Today’s Sunday Matinee is 1985’s Yes, Madam a Hong Kong action film starring Michelle Yeoh – in what was her first starring role.
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Sunday Matinee: Lady Snowblood

A woman gives birth to a baby girl while in prison in the late 1800 Japan. The woman dies after the birth but before she dies she wants her daughter Yuki to continue her plan of vengeance.

Yuki (Meiko Kaji) grows up learning how to fight and kill. She needs to kill three more people. Before she was born her mother and her mother’s husband were attacked by a group of four people. The husband was killed and the mother was raped. The mother tracked down one of the four and murdered him which is why she was in prison. While in prison she purposely got pregnant by one of the guards so she could have a child to finish seeking vengeance.
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Sunday Matinee: Coffy

Pam Grier had co-starred in several women in prison movies and a few blaxploitation films before getting the lead role of 1973’s Coffy.

Blaxploitation films had exploded in popularity and American International Pictures had lost the rights to make Cleopatra Jones – which Warner Bros. made and released in the same year. American International Pictures being American International Pictures quickly raced and made Coffy to beat Cleopatra Jones in theatres.
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Sunday Matinee: The Big Doll House

Women in prison movies started becoming be in the late 1960s with films like 99 Women. Naturally Roger Corman’s low budget exploitation film company New World Pictures started making them in the early 1970s starting with The Big Doll House in 1971.

Directed by Jack Hill the movie was shot in the Philippines. Judy Brown stars as Collier a woman sent to prison for the murder of her husband. Once in prison she meets Alcott and Bodine (Roberta Collins and Pat Woodell). She also meets Grear (Pam Grier – in her first big screen role). Gear is a prison bully and lesbian who has her eyes set on Collier after her current girlfriend bores her. Meanwhile the sadistic female guards and warden Miss Dietrich (Christiane Schmidtmer) like to torture the prisoners.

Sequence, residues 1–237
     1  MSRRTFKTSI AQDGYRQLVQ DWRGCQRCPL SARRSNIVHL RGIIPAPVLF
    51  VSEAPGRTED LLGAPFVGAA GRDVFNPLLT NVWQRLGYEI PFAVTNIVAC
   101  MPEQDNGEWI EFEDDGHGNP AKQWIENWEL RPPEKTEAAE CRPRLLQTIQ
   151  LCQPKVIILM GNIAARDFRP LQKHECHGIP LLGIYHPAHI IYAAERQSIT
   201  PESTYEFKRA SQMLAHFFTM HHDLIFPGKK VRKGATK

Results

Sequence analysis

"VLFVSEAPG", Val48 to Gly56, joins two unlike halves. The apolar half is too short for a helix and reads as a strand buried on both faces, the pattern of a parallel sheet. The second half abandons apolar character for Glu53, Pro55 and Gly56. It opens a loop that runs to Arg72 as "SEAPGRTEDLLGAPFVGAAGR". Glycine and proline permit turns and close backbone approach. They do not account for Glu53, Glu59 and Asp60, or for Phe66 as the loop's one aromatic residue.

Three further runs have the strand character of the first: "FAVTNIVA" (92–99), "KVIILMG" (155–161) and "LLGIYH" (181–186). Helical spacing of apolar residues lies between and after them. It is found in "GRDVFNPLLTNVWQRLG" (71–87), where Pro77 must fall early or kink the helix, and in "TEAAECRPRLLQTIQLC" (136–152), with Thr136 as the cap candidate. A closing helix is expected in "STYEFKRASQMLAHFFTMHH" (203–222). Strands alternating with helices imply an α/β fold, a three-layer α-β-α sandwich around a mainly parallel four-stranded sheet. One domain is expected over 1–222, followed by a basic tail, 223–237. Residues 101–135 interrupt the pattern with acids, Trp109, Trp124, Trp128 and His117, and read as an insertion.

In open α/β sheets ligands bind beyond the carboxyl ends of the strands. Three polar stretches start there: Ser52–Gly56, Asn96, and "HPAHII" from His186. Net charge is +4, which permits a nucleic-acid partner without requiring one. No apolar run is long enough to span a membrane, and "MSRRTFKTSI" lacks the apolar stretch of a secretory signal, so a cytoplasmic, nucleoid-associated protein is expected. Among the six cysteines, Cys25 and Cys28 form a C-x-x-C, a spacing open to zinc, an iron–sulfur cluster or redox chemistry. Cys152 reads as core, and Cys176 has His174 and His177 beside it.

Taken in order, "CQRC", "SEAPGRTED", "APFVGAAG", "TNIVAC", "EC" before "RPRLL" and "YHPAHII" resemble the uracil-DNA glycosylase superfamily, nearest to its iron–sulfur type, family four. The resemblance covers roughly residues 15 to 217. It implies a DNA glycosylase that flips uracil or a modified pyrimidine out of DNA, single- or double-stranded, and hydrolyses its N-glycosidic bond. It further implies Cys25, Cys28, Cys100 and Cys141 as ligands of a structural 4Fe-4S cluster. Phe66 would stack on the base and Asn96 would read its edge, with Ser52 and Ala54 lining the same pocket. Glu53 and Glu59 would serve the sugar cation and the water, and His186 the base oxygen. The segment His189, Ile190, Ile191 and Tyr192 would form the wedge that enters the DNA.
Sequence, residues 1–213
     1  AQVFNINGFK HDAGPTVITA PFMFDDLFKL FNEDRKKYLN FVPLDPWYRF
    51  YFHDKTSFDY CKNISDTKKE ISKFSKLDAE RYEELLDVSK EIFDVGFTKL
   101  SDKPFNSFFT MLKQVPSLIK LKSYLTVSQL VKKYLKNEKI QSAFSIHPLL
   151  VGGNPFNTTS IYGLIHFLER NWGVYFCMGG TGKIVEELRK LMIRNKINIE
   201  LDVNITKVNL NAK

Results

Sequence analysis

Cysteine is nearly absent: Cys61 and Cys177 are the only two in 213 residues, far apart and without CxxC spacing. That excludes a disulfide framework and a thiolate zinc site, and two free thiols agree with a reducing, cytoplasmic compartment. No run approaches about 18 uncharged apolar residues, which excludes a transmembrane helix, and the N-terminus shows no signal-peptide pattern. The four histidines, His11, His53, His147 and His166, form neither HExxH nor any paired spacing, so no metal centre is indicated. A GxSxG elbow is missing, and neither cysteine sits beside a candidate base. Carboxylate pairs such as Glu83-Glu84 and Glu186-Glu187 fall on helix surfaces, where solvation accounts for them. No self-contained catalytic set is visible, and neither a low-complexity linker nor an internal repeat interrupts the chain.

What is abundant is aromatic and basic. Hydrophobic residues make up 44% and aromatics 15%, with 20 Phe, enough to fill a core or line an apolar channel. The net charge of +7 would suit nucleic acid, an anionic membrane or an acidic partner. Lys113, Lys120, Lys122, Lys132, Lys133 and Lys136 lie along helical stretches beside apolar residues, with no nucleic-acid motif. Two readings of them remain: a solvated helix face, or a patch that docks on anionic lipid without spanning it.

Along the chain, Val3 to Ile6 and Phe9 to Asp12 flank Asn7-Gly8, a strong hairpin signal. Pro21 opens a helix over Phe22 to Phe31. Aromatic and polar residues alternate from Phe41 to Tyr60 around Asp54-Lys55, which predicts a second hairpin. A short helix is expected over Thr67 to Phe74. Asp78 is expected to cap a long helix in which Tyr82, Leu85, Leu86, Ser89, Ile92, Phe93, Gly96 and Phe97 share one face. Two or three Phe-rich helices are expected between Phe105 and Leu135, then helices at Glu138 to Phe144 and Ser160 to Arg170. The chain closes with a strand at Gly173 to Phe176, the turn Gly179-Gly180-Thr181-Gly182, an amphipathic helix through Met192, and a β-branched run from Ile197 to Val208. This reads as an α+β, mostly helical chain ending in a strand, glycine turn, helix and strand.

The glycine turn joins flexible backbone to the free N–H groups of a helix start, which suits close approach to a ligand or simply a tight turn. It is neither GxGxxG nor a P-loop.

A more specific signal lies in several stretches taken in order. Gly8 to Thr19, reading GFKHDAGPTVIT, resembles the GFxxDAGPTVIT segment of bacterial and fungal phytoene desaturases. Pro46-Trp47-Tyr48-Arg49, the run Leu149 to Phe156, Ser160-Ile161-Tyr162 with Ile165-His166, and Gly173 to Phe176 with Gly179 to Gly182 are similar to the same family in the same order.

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Sunday Matinee: Come Drink With Me

Marital arts in movies have been around on the screen since the early days of film. But the massive international popularity of them wouldn’t really begin until the 1960s. In 1966 The Shaw Brothers Studio produced a movie called Come Drink with Me which would kick start a massive onslaught of martial art movies.

Come Drink with Me starred actress Cheng Pei-pei in the lead role as Golden Swallow a bad ass martial artist who is out to try and save her brother who has been kidnapped by a bandits have allied themselves with an evil monastery lead Abbot Liao Kung (Yeung Chi-hing). On her journeys she is helped by Drunken Cat aka Fan Da-pei (Yueh Hua), a former member of the same martial art master that trained Abbot Liao Kung.
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REVIEW: (Groan), Lucy

Oh, Lucy! was the first movie I saw in last year’s Toronto International Film Festival. I remember thinking “what a pointless oddity. I’m positive I will never hear of this movie again.” And here we are.

Produced by Will Ferrell and Adam McKay, Oh Lucy! is not the film you would expect from the Anchorman duo. Setsuko (Shinobu Terajima), a lonely middle-age woman living in Tokyo, rediscovers her joie de vivre when by chance lands in an English class with John (Josh Harnett, don’t ask). The expat’s teaching technique consists in giving the student a blond wig and an American identity, “Lucy”. (Seriously, people have problems with Isle of Dogs and not with this?)

Unbeknownst to John, the class triggers a tectonic shift inside Setsuko. She loosens up, quits her job and decides to actively pursue the English professor. John has gone back to America, you say? No problem! She has a passport.

There are a couple of additional complications (John is dating Setsuko’s niece; Setsuko and her sister can’t stand each other) that give the film a whiff of screwball comedy, but Oh Lucy! never takes off: Harnett is no one’s idea of comedic performer and Shinobu Terajima embodies too much pathos to come across as funny.

The film is more effective while in Japan. The moment the action moves to Los Angeles and the “fish out of water” cliché kicks in, Oh Lucy! loses its charm. The tonal inconsistency is jarring: This is a comedy that opens with someone launching himself in front of a train, and clearly there is something wrong with Setsuko that is never addressed.

If nothing else, Terajima’s performance keeps the film watchable, but the low stakes and even lower production values hurt the overall experience. The message -the connections you make in the world may save you in the end- is a sweet one, if about as pat as they come. One and a half planets (out of five).

Oh Lucy! opens this Friday 13th at the Roxy Theatre.